Bien Phu toward the Red River
Delta.
FORT DEFENDED
LONDON-Brig. Gen. Christian
de Castries was quoted in a Peip-
ing broadcast yesterday saying his
officers had elected to defend Dien
Bien Phu to the end rather than
heed French high command in-
structions to flee to Laos.
McCARTHY-ARMY
WASHINGTON - The Eisen-
hower administration threw the
switches yesterday to start the
McCarthy-Army hearings rolling
again next Monday.
IRISH ELECTION
DUBLIN - Premier Eamon de
Valera's Fianna Fail Men of Des-
tiny party fell slowly behind early
today in Ireland's general election.
MORE APPROPRIATIONS
WASHINGTON - The Senate
appropriations committee yester-
day approved an army civil func-
tions appropriations bill calling
for $484,095,500.

four vote allows the Legislature to
go ahead with plans to hold the
public meeting at 8 p.m. today in
Auditorium B, Angell Hall.
Principles at the meeting are
expected to be the three faculty
members Prof. Mark Nickerson
of the Medical School and H.
Chandler Davis of the mathemat-
ics department. Graduate students
Ed Shaffer and Myron Sharpe
have also agreed to participate in
the forum.
According to SL President Steve
Jelin, '55, who will preside over
the session, the meeting will take
the form of an open forum with
each of the five allowed a maxi-
mum of 15 minutes to present his
views followed by a period of ques-
tions from the floor.
Jelin said he planned to ask the
participants to confine their 15-
minute statements to an explana-
tion of their answers to the Clardy
committee's questions. Jelin plans
to preface the meeting with an ex-
planation of its purpose as inform-
ative in nature, giving those sub-
poened a chance to state their
cases and explain their actions.
SAC vetoed a similar request
for an open meeting last Tuesday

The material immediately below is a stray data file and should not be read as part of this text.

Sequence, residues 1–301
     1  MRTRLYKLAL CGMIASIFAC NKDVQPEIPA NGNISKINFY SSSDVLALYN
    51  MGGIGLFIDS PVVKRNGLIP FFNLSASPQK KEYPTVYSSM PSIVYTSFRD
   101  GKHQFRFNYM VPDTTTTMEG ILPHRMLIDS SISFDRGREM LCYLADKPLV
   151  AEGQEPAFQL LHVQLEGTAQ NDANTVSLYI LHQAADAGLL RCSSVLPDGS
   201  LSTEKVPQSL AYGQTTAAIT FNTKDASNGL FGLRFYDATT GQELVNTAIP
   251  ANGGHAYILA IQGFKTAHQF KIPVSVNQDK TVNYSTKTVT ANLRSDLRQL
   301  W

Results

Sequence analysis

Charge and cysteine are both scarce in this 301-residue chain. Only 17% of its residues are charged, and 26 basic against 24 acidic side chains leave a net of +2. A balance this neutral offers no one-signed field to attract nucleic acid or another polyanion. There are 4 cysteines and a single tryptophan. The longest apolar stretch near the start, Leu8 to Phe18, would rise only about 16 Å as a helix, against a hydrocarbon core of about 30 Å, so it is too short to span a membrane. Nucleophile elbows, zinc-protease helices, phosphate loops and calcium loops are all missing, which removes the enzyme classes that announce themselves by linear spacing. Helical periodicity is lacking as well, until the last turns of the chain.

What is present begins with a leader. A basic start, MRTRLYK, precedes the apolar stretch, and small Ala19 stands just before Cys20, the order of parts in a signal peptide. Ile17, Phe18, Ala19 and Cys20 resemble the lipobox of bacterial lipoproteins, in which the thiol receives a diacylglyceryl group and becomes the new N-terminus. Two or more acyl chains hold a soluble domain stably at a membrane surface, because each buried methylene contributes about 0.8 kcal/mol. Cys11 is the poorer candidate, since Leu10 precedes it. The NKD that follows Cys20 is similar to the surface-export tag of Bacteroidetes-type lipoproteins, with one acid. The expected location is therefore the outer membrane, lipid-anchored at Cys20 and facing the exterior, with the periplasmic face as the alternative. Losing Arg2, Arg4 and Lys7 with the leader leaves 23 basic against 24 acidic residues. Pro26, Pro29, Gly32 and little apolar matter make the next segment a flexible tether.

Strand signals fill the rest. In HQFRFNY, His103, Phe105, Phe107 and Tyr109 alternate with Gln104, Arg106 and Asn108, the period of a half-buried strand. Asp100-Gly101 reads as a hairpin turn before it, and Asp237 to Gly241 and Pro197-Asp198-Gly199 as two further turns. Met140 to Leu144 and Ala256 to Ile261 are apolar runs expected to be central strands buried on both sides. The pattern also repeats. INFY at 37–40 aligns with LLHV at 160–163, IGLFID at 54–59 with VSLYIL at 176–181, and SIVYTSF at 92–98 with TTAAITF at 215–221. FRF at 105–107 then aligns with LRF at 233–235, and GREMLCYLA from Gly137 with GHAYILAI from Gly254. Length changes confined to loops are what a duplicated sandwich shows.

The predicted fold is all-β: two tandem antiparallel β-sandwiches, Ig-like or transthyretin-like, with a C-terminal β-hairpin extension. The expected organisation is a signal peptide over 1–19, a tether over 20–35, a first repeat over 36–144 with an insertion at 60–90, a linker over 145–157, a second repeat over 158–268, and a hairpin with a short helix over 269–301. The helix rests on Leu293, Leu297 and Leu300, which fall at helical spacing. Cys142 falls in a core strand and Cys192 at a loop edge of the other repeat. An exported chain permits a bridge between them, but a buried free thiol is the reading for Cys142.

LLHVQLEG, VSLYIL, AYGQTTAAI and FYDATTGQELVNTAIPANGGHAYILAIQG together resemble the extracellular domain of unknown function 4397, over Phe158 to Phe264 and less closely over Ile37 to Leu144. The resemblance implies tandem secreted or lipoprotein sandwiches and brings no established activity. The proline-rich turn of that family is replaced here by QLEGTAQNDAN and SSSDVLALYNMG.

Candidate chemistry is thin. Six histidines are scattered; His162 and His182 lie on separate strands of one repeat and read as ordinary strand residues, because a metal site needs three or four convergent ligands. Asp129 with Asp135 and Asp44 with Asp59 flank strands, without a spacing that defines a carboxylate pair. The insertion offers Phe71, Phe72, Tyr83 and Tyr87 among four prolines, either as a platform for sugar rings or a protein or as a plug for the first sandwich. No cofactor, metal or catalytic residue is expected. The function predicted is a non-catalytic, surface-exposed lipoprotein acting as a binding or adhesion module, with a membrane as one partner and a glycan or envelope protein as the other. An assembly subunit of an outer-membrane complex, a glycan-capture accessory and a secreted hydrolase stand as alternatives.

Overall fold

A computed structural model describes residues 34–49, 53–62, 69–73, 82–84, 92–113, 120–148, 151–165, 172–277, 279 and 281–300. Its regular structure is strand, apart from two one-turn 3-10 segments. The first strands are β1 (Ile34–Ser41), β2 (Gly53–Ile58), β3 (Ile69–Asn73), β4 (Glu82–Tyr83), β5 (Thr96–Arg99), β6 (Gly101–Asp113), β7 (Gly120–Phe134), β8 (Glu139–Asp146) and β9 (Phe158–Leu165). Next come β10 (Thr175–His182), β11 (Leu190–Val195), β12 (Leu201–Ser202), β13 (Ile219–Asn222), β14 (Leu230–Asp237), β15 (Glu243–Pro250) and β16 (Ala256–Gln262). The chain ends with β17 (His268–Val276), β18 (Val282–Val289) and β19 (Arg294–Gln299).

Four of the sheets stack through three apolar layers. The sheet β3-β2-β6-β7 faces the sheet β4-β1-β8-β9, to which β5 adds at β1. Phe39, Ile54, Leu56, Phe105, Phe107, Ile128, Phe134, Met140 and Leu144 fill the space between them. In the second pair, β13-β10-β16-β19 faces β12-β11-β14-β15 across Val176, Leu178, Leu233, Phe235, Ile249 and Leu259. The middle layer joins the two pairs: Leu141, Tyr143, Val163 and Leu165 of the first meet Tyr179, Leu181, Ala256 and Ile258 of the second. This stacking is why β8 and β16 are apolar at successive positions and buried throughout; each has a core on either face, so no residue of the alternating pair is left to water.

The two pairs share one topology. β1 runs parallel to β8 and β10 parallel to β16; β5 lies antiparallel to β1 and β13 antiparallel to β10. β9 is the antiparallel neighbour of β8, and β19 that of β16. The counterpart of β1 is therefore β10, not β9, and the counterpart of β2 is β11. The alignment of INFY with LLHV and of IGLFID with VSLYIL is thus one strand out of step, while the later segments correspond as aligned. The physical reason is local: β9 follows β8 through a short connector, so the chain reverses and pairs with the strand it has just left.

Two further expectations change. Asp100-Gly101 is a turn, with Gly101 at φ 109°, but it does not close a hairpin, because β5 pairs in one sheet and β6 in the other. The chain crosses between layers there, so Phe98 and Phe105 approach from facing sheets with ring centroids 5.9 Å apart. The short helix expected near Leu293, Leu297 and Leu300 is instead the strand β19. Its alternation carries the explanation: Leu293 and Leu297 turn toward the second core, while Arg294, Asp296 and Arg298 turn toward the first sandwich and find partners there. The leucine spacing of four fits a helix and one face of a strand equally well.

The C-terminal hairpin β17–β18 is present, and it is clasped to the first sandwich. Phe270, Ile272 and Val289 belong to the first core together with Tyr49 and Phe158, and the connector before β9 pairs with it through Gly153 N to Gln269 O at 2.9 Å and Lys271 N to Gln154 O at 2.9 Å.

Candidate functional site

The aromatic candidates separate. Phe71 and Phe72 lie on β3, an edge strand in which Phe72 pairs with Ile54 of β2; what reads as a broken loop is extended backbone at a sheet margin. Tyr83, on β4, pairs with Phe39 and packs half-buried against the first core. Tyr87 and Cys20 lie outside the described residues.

on grounds of failure to secure
SAC approval before going ahead
with advance publicity on thei
event.
This procedural issue triggered
further objections that the meet-
ing, had it been held last Thurs-
day as proposed, would have con-
stituted a pre-hearing and an in-
fringement on the work of the
faculty and student agencies set
up to handle the cases
In denying the Legislature's re-
quest by a 10 to four vote last
week, SAC said it would "consider'
a petition for such a meeting, in
a special meeting if necessary, at
any time subsequent to the deci-
sion of the properly constituted
faculty and student committees
SAC, Dormitories
Settle A rgumlent

Answer Not
YetReached
In Arb Case
ArbyOwnership
Deciding Factor
By LEE MARKS
No decision had been reached
late yesterday by local police on
how to handle the cases of 58 Uni-
versity students caught drinking
beer in the Arboretum Saturday.
Primarily, the case seemed to
hinge on whether the Arb is con-
sidered University or public prop-
erty.
If the Arb is considered Univer-
sity property, police might be un-
able to charge the offenders with
drinking in a public park. What
action would be taken on the other
two possible charges, under-age
drinking and furnishing liquor to
minors, was not determined.
"PUBLIC" CALLED VAGUE
John Laird, assistant prosecut-
ing attorney for WashtenawvCoun-
ty, noted, "We haven't decided yet
whether it is public or private
property-the problem was dis-
cussed only briefly. If the Board of
Regents owns it, it is in a sense
public but there are so many rami-
fications to the word 'public' that I
couldn't say offhand what it will.
be considered."
"In my estimation, the Arbore-
tum is University owned," com-
mented Acting Dean of Students
Walter B. Rea. "Although the pub-
lic has access to the Arb, as they
do to the campus in general, I
don't believe it is a public park,"
Edmund Cummiskey, University
Attorney, concurred in the belief
that the Arh was, the nroperty of

Commend Hatcher
Action, on Students
Legislators Argue Campus Opinion
On Suspensions During Long Debate
By MURRY FRYMER
A motion condemning the suspension of three members of the
faculty who refused to cooperate with the Clardy investigating com-
mittee was voted down by the- Student Legislature last night in a
voice vote, 16 to 11.
At the same time, SL unanimously passed another motion com-
mending President Hatcher "on his actions with respect to the two
students called to testify." The President's action yesterday had
brought no charges against students Mike Sharpe, Grad., and Ed
Shaffer, Grad., who also refused cooperation before the Clardy